Yavapai County, Arizona - Region B
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Pesticide Table for the Arizona Cliffrose | Pesticide Table for the Spikedace
About the Arizona Cliffrose | About the Spikedace
Yavapai County Regional Map |Arizona Map | ESPP Home
Table of Pesticide Active Ingredients
|2, 4-D (all forms)||29|
|DICAMBA (all forms)||29|
|DICHLORPROP (2, 4-DP)||29|
|MCPA (all forms)||29|
|PICLORAM (all forms)||29|
|29||Do not apply this pesticide in the species habitat (described under the Shading Key). For ground applications do not apply within 20 yards of the habitat, nor within 100 yards for aerial applications.|
|32a||Do not apply this pesticide on rights-of-way in the species habitat (described under the Shading Key).|
Table of Pesticide Active Ingredients
|COPPER SULFATE (all salts)||1x|
|MALATHION||3x, 5a, 10a|
|METHYL PARATHION||3x, 5a, 10a|
|PYRETHRINS||3x, 5a, 10a|
|TRIBUFOS (DEF)||5a, 396||1|
* TAR = Threshold Application Rate (Pounds of active ingredients per acre per application)
|1a||Within the area described under the Shading Key, do not apply this pesticide within 20 yards from the edge of water for ground applications, nor within 100 yards for aerial applications.|
|1x||Within the area described under the Shading Key and up to 1/2 mile up all streams that join the area, do not apply this pesticide within 20 yards from the edge of water for ground applications, nor within 100 yards for aerial applications.|
|2a||Within the area described under the Shading Key, do not apply this pesticide within 40 yards from the edge of water for ground applications, nor within 200 yards for aerial applications.|
|3x||Within the area described under the Shading Key and 1/2 mile up all streams that join the area, do not apply this pesticide within 100 yards from the edge of water for ground applications, nor within 1/4 mile for aerial applications.|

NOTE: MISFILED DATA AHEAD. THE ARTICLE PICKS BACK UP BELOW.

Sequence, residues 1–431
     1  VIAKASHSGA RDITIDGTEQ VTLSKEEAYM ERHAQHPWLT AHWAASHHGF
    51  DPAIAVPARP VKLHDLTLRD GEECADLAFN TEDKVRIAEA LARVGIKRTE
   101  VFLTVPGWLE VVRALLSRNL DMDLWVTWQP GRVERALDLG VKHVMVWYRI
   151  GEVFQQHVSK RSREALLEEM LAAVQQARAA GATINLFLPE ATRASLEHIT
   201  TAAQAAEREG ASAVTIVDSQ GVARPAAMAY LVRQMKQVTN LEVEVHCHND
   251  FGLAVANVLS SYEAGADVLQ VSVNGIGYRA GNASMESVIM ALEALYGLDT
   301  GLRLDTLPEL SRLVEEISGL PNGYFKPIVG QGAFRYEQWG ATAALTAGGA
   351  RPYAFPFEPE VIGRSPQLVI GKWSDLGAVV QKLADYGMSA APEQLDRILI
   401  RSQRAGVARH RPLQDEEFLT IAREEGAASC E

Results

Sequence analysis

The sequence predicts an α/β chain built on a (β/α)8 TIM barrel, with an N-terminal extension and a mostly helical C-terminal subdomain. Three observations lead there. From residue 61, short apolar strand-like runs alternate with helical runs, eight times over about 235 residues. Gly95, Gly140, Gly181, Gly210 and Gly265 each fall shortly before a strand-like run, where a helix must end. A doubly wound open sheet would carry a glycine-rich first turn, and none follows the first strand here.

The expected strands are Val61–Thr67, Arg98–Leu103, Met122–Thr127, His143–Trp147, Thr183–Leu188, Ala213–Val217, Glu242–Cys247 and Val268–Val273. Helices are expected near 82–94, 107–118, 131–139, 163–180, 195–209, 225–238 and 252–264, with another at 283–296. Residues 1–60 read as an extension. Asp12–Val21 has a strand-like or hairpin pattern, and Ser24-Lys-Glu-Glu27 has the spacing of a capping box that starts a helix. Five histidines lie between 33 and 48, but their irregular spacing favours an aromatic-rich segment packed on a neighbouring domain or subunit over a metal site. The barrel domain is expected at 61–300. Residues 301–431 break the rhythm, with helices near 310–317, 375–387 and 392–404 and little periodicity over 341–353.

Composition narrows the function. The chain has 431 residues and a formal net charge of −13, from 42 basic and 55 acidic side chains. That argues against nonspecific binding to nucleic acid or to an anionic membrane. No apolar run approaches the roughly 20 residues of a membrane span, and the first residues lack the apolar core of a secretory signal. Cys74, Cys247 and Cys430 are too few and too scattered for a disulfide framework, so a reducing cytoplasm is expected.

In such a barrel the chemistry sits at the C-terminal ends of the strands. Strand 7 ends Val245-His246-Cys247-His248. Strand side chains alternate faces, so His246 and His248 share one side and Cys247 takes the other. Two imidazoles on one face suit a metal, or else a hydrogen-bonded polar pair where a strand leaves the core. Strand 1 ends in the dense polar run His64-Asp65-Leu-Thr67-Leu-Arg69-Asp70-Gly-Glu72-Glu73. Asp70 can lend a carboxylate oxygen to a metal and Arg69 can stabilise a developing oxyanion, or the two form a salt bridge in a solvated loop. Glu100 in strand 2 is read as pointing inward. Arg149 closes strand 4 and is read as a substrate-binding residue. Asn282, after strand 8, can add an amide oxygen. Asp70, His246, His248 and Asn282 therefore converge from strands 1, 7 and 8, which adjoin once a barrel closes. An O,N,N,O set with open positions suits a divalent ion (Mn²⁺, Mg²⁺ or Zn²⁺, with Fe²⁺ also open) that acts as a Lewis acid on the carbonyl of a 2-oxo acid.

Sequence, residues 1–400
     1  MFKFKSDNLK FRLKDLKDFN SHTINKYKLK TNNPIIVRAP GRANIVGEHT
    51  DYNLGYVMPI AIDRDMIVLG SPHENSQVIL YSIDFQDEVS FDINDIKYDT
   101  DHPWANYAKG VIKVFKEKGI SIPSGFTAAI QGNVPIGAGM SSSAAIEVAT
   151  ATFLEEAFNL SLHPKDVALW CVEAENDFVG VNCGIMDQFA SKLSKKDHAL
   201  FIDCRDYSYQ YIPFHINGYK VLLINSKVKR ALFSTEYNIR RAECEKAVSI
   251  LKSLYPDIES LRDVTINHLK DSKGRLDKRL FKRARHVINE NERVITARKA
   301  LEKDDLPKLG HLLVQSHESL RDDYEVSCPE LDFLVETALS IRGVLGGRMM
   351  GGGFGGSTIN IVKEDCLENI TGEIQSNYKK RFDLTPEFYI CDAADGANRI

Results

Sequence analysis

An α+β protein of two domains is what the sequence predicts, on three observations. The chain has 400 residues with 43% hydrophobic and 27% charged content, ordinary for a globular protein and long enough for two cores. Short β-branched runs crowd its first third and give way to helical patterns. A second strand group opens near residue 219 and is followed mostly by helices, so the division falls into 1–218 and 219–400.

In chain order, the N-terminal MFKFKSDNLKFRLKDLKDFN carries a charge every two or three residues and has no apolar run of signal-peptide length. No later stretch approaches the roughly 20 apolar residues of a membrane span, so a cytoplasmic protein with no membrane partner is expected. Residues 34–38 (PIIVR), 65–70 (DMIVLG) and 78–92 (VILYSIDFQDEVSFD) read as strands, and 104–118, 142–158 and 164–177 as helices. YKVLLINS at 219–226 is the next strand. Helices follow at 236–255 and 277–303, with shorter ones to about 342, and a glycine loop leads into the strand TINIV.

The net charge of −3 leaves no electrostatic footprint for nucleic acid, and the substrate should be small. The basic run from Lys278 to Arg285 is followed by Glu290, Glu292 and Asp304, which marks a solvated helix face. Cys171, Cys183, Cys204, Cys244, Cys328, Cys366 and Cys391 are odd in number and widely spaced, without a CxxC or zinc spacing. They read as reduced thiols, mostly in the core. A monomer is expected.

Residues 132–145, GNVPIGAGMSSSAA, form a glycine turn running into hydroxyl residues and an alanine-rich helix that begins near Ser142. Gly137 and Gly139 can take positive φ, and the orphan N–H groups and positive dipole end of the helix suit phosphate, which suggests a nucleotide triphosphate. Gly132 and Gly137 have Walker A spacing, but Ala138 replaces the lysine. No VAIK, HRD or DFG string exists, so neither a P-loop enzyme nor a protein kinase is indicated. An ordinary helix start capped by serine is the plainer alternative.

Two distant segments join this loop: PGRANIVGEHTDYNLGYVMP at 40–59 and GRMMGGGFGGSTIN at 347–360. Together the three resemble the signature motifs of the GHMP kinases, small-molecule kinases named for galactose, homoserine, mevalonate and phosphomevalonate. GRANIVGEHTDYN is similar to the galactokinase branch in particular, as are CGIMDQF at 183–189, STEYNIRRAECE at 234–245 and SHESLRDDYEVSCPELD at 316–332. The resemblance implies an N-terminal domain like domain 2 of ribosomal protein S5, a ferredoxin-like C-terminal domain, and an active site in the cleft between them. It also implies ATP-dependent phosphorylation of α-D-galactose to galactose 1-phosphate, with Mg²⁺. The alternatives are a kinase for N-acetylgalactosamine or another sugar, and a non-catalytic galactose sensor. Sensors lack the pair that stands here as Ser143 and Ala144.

|5a||Do not apply ultra low volume (ULV) applications within 1 mile from the edge of water within the area described under the Shading Key.|
|10a||Do not apply directly to water within the area described under the Shading Key, nor within 1 mile upstream from the area.|
|20a||Within the area described under the Shading Key, do not apply directly to water.|
|41a||Within the area described under the Shading Key, do not apply this pesticide within 1/4 mile from the edge of water for ground applications, nor within 1/2 mile for aerial applications.|
|43a||Within the area described under the Shading Key, do not apply this pesticide within 100 yards from the edge of water for ground applications, nor within 1/4 mile for aerial applications.|
|196||Within the area described under the Shading Key, do not apply this pesticide above the threshold application rate (TAR) indicated within 20 yards from the edge of water for ground applications, nor within 100 yards for aerial applications.|
|296||Within the area described under the Shading Key, do not apply this pesticide above the threshold application rate (TAR) indicated within 40 yards from the edge of water for ground applications, nor within 200 yards for aerial applications.|
|396||Within the area described under the Shading Key, do not apply this pesticide above the threshold application rate (TAR) indicated within 100 yards from the edge of water for ground applications, nor within 1/4 mile for aerial applications.|
Arizona cliffrose [Purshia (=Cowania) subintegra]
The Arizona cliffrose is a plant that is well adapted to the harsh environment of the desert. It is an evergreen shrub with pale gray, ragged bark. It's leaves, twigs, and flowers are covered with dense, short white hairs. The thick bark and white hairs enable the cliffrose to insulate itself against the extreme heat of the desert climate. The leaves also have a prominent vein, and the blooming five-petaled flowers are white or yellow. This plant can grow up to 8 feet tall.